Financial prognosticators have really been busy recently, and what they are doing may be muddying the waters for consumers. Advisors could come to the rescue.
Here is the issue. Financial gurus are finding it important to weigh in on whether the Dow hitting 14,000 and the Baltimore Ravens winning the 2013 Super Bowl are bellwethers for the markets (and ergo, the economy) for the next 12 months.
The commentaries are fun to read but they can be confusing for consumers to evaluate.
The Dow at 14,000
Just hours after the Dow hit and surpassed 14,000 on Feb.1, for example, these prognosticators began opining on how close the Dow is to its all-time high of 14,164 in October 2007.
The cautiously optimistic among them declared the development a sign that market recovery is here and will likely continue. Meanwhile, the dismissive ones pointed out that the Dow did not surpass the all-time high and that the economy is not really on a tear, given all the financial problems that remain to be solved.
The two sides of the coin were there for all to see. The problem is, consumers don’t always have the skills needed to weigh and filter the divergent views. Is the coming year going to be up or down? Is this the time to take action in financial areas that have been on hold or not?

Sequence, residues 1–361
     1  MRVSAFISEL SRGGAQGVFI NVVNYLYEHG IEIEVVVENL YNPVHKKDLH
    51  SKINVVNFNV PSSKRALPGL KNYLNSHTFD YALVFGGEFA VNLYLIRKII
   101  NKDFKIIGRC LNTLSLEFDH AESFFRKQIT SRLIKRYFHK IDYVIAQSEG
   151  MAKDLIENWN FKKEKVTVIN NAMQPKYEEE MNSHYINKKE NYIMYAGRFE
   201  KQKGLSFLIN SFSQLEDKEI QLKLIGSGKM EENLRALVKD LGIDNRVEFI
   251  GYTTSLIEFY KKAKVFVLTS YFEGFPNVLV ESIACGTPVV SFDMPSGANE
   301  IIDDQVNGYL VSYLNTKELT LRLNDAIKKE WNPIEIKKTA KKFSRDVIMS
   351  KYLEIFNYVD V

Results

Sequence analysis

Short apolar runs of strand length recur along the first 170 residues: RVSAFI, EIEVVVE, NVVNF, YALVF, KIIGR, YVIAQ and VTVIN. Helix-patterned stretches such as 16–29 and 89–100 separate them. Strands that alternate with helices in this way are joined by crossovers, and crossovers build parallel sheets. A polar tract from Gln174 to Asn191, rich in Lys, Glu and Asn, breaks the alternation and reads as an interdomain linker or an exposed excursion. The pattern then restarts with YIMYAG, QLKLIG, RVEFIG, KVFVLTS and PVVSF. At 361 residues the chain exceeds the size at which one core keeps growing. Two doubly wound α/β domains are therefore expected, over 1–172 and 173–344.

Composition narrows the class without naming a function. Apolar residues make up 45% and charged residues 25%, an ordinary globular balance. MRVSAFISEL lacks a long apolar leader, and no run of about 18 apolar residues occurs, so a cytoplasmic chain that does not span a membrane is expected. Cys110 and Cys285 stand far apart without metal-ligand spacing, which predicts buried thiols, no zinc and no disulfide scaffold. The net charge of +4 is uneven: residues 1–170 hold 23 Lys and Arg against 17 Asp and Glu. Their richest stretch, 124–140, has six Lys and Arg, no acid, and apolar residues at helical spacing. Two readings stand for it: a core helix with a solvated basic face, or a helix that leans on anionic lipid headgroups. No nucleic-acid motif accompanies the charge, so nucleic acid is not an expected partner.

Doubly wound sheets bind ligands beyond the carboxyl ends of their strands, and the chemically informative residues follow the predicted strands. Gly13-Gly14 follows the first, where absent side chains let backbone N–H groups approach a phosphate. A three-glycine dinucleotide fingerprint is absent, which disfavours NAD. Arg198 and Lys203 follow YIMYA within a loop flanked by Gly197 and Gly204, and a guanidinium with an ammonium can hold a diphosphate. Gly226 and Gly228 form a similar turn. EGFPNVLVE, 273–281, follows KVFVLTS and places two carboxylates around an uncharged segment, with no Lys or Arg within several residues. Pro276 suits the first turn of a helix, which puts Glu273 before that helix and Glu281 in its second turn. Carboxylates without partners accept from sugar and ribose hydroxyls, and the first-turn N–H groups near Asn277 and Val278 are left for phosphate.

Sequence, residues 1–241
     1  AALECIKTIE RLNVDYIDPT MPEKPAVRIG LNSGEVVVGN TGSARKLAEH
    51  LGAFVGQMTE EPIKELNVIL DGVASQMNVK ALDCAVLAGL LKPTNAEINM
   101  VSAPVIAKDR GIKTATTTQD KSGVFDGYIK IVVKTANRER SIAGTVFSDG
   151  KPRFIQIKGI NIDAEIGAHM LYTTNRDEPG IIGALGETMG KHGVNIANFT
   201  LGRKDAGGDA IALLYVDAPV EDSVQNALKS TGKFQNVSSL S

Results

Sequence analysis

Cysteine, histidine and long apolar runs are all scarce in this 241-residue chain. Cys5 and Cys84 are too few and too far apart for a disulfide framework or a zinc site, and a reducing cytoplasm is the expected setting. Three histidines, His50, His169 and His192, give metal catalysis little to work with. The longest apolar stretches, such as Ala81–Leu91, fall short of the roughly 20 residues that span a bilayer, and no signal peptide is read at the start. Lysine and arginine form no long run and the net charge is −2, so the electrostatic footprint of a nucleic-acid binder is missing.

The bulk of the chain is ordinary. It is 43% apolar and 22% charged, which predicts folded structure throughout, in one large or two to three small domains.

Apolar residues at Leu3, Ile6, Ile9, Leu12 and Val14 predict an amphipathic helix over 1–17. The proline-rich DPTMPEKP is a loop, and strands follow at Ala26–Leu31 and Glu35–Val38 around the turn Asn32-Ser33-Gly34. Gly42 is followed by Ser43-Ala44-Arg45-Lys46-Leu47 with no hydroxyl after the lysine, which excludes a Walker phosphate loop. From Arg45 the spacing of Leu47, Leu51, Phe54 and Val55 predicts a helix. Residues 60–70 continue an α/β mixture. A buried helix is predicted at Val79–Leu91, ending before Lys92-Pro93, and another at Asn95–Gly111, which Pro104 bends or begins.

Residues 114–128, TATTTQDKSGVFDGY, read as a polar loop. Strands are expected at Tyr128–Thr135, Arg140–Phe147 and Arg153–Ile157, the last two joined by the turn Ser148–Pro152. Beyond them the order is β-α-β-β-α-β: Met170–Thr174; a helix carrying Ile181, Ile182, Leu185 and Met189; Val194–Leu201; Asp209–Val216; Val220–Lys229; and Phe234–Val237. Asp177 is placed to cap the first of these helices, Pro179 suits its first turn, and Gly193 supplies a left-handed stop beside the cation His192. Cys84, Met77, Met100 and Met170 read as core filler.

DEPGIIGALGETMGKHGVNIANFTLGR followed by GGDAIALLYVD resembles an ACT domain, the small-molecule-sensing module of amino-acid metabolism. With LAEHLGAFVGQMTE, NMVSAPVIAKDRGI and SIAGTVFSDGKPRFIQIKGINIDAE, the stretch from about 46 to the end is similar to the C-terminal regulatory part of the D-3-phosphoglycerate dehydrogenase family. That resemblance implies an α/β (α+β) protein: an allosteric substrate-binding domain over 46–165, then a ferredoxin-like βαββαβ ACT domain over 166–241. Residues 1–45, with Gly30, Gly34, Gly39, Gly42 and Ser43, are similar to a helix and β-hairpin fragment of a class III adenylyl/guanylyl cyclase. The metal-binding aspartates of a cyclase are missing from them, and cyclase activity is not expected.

Those questions are reminiscent of the now-common medical question -- will sunshine give me Vitamin D or skin cancer?
One can always hope that consumers who feel confused (or interested) will contact their advisors for some rock solid guidance.
But whoa, there. How many consumers will do that? And how many advisors are prepared to talk about Dow 14,000 as a predictor or reason for action one way or another? After all, there is a whole lot more for them to talk about with a client than the level of the Dow—the client’s goals, objectives, circumstances, and risk tolerance being right at the top of the list.
Then there is the matter of advisor licensure. If an optimistic-oriented advisor is licensed only in insurance, how can the advisor respond appropriately to Dow-ish confusion without crossing into speaking about securities? Similarly, if a dismissive-oriented advisor is licensed only in securities, how can the advisor confidently redirect the conversation to discussions of safe-money solutions such as certain types of insurance and annuity products?
Experienced advisors will have no problems making those transitions. The licensure issue bears mention all the same, given the nervousness of regulators about how these matters are handled.
The Super Bowl winner
Oh, but wait a minute. Maybe all the savvy advisor needs to do is to consult the Super Bowl Indicator (SBI).
According to a press release sent out by Toronto’s BMO Financial Group, the SBI has been regarded as a way to predict a bear or bull market. Again according to BMO, the prediction is based on which team wins the Super Bowl — i.e., when the team representing the National Football Conference (NFC) wins, the market goes up, but when American Football Conference (AFC) franchise wins, the market goes down.
Based on movements in the S&P 500 Index, the Super Bowl indicator has been correct just under 80 percent of the time, the BMO statement says. In fact, the release quotes Jack Ablin, the chief investment officer of BMO Harris Private Bank, as saying that the New York Giants won the Super Bowl in 2012 — the same year that the S&P gained 13 percent.